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Jill Scott: The Real Thing—Words and Sounds, Vol. 3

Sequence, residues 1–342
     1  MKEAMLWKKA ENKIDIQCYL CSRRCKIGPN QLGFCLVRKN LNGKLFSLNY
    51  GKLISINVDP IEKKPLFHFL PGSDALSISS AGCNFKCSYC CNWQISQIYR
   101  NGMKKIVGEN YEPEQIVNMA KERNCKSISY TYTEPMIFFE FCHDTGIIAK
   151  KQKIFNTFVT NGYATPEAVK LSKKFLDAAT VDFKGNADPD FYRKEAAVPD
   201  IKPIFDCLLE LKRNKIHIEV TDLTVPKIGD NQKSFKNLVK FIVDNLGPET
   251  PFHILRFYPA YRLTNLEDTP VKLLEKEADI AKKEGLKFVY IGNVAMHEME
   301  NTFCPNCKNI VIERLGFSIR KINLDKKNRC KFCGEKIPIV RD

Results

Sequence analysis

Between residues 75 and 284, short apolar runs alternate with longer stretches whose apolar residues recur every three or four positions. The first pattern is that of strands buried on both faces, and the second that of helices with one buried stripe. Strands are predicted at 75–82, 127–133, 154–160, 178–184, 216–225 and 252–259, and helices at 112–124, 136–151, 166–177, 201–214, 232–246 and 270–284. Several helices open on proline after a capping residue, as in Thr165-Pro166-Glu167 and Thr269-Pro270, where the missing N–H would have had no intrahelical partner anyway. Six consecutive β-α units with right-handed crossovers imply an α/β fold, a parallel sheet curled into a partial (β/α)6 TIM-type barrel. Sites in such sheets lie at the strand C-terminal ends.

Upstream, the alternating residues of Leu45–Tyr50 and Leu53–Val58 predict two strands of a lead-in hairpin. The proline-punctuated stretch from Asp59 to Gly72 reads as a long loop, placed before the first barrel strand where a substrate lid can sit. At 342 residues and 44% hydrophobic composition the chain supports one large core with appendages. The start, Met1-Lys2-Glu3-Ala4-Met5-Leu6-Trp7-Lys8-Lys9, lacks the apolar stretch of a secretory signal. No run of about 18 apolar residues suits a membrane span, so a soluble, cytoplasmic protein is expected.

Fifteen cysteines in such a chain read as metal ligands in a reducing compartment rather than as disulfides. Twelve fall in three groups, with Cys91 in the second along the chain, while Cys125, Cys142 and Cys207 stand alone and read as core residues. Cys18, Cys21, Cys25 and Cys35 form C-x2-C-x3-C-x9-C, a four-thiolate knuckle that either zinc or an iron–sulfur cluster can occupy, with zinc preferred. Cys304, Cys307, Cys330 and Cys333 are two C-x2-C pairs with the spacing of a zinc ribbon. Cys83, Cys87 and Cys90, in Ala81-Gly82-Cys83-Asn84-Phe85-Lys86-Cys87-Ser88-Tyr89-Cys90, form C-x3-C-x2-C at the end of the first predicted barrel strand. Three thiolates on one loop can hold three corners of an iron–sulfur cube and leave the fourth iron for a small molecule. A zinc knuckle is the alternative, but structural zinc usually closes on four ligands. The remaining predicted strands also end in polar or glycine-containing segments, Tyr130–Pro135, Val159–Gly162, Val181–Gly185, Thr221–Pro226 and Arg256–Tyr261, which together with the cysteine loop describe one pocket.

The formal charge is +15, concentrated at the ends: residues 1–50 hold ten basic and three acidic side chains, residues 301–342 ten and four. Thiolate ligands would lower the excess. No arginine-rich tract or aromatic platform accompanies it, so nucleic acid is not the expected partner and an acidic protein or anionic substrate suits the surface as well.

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Jill Scott is undeniably one of the most popular constituents of the Neo-Soul movement. On her third studio album, there’s proof of her seven-year stint as a recording artist. The album cover is the first where her face is shown as it looks in the present (her first was the top of her head, the second was a childhood picture), and she’s going out—with the door open and purse in hand. The Real Thing: Words and Sounds, Vol. 3 (Hidden Beach) definitely poses the question: Where is Jill going? Her divorce and her starring role in Tyler Perry’s new film speak volumes on the new emotional and professional territory that she’s had to voyage through.“Let It Be” opens The Real Thing with a powerful statement—“If Classical, Country Mood, Rhythm & Blues, Gospel, Whatever it is, let it be.” Jill makes it easy to keep the open mind. This new repertoire of songs demonstrates that even after an ending of a marriage there’s a new beginning, and if you’re lucky, a new sexual awakening. The jazz-blue influenced “Celibacy Blues” can make any woman feel that longing, wherever they are listening. With a line like, “I get some new batteries almost every night,” it’s thought provoking for anyone paying heed, and that’s the thing about Scott. She proves that candor is more provocative than any suggestive song lyric.Scott’s music can be rendered a bit “female-centric” but, like on her other albums, she proves that her writing is more about human connections. “Hate On Me” is a universal memo for those haterade drinkers. On “Whenever You’re Around” she confesses to her lover that she’s built an emotional relationship with another man. Five tracks on The Real Thing are under two minutes, which shows Jill’s capacity and talent in concisely saying what she wants. “Crown Royal” is amazingly simplistic. While this latest album also carries less Hip-Hop tinged beats that were prevalent in Beautifully Human; there’s a new element of Hip-Hop that she brings to this new project, and it’s in the lyrical arrangements. In “Epiphany” she raps through the most potent part of the songs.So, where is Jill going? She’s obviously still on that voyage, like we all are. She just gets to write songs about having sex, and lack thereof. Jill Scott delivers another home-run, not as classical as The Real Thing predecessors, but it’s just as rich and filled with Scott’s brand of R&B, with a new a twist. The Real Thing speaks on that revolution that might occur after a break-up or a divorce—it’s about life’s constant change.SOUNDCHECK:Jill Scott “Crown Royal”Jill Scott “Epiphany”

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